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Letters from Lausanne

The Chinese Adopt Private Property
Civilization Headline

"The Chinese adopt private property"

Tell me that this headline is not straight out of Sid Meier's Civilization! I am sure that the real reason the People's Party moved to protect private property was something like this:

Beijing, Office of the President of the People's Republic of China. A massive, modern executive desk dominates the room, It is empty except for a small Japanese sub-notebook, and an intercom. Behind the desk, a big, comfortable looking office chair. Behind the chair a framed portrait of Chairman Mao Zedong. A door opens to the left. Hu Jintao enters, with his back to the room, shouting.

Hu: I do not care! Dissidents, Schmissidents. Just shoot them or whatever! I am not to be disturbed!

Slams the door.

Hu: Fucking amateurs. Now, back to the capitalist swine. Death to all Americans!

Sits down at the laptop. The starting melody of Civilization I plays.

Hu: Ha, a few more turns, then I will have Gunpowder, and my Musketeers shall crush your puny Civilization!

Laptop: The Americans adopt the republic.

Hu: Big fat help that will be. I got Communism since turn 15. Hmmm, how to raise more money, I need a bit for my war chest.

Laptop: The Chinese adopt private property.

Hu: That helped. Look at the gold rushing in. Private property always fills my coffers, he he... ... ... Wait a moment.

Presses a button on the intercom. A buzzing sound is heard

Ming: Yes, President?

Hu: Ming, do we have private property in the People's Republic?

Ming (shocked): But of course not, Sir! Chairman Mao abolished it back in '53!

Hu: Well yes, yes. Times change, you know. I am sure he meant it as a temporary measure or something. We shall reinstitute it forthwith. Hop to it, Ming!

Turns back to his laptop

Hu: And now, Americans...
Posted by Boris Legradic at 9:11
Gambrinus
Gambrinus is a very important beer for technical students in Vienna, especially for those who study physics. It's also important for bums, but that is not the point of this - article? essay? blog-entry? Probably the latter, but 'blog-entry' is awfully unwieldy. Maybe there is some expression for this I have missed. If not, I would propose 'blarticle', which strikes me as particularly onomatopoeic. Furthermore, a quick Google Search shows only 1170 results - which means I am only the 734th person to think of this. So, to return from this little tangent, this blarticle is not about bums and their choice of beverage, but rather of students and theirs, and we shall disregard any surprising or unsurprising congruencies.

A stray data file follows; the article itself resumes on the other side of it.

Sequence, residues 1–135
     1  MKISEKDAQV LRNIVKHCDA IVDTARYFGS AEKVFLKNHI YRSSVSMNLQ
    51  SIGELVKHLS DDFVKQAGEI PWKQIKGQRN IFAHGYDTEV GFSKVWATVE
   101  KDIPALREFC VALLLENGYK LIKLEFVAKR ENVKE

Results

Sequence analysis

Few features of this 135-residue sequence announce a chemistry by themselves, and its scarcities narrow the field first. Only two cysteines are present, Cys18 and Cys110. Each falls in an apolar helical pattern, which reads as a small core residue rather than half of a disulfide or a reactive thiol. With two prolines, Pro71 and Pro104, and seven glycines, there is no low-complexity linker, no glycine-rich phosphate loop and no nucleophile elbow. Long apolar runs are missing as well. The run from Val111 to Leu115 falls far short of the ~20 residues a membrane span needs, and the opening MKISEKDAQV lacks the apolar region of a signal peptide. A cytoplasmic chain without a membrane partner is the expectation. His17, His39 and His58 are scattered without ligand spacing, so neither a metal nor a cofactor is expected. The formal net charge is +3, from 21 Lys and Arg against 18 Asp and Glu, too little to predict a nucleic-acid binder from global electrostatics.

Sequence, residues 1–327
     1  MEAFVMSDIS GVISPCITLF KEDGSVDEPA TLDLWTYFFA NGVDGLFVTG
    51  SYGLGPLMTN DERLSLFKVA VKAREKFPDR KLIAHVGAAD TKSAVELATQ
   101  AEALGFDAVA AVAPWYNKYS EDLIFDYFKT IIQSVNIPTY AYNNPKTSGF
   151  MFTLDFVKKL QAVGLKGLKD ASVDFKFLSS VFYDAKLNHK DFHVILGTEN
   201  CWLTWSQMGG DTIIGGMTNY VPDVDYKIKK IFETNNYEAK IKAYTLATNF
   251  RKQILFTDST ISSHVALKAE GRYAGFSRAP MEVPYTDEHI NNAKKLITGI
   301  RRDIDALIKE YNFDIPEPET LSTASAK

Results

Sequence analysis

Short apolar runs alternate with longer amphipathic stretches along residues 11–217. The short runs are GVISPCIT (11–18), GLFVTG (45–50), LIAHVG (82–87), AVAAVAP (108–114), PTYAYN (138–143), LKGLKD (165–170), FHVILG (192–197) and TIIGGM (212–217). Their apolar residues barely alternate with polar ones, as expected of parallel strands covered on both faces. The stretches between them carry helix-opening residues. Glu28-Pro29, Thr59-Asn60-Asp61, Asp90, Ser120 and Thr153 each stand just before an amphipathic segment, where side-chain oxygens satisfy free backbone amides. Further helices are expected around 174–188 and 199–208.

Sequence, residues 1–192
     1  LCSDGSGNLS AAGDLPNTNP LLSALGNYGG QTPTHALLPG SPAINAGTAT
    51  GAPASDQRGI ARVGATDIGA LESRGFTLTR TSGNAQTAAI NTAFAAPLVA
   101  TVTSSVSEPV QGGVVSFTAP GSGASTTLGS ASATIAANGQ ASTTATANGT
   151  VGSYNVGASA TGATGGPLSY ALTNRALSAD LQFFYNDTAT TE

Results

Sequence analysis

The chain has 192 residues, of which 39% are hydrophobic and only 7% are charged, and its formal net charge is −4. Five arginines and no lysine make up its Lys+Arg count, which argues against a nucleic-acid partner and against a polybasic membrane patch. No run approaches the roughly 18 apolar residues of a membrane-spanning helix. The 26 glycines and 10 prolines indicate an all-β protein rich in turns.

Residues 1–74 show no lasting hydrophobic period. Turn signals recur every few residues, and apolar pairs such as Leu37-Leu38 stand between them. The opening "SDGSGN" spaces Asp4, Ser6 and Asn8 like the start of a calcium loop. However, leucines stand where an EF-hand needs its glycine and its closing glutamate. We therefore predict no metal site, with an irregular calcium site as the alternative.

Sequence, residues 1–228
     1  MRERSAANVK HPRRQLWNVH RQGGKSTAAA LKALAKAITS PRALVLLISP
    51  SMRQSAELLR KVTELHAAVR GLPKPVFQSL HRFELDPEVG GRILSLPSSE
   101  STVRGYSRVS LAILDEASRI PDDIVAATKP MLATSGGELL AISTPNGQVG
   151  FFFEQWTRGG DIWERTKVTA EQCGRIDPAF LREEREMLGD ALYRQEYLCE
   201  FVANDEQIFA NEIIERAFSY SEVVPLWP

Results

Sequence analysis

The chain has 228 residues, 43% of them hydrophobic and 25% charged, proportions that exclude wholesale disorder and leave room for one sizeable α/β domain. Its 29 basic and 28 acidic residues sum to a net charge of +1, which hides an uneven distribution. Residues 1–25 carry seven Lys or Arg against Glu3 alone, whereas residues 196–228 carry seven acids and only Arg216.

When encountering Gambrinus for the first time, maybe in the hand of a bum student in the subway station, or maybe on the shelves of one of the supermarkets in Vienna, the erudite beer drinker will immediately recollect Gambrinus , inofficial patron saint of beer. First mentioned by a German poet in the 16th century, he supposedly learned the art of beer brewing from Isis. Now Isis was pretty hot by all accounts, Nephtys (her sister) tried after all to disguise herself as Isis to seduce Set (although why anyone would try to seduce old snake-face remains a mystery to me). This did not work, but Osiris (Isis husband) promptly took her to bed, which is how Anubis was conceived. Isis then had to adopt Anubis, because Nephtys feared the wrath of Set, who, although derelict in his marital duties, was her husband from the beginning.

We can see why Isis knew how to brew beer, and she was nice enough to share that secret with Gambrinus. He, in turn, sorely needed a couple of pints, since being a legendary king of Flanders gives you a powerful thirst, which is compounded by the well-known fact that Flanders is powerfully dull.

Gambrinus is only sold in cans, which means there is no smashed glass at the end of the night, another plus. Also, it is the cheapest beer you can still drink without shuddering in distaste. And, as any student of technical physics in Vienna will be quick to point out, it has the important property of tasting the same, whether it is cold or luke-warm. This athermal behavior has been the subject of many a discussion at the students association of technical physics. The depreciatory (Another tangent: I had the hell of a time deciding whether to use depreciate or deprecate - indeed, before writing this blarticle I thought them the same word and spelled 'deprecrate'. Goes to show that you are never as smart as you think.) answer that the taste just cannot get any worse is, of course, beneath notice. Proponents of this asinity are invited to try and drink warm 'Schwechater' or 'Skol' - if they dare.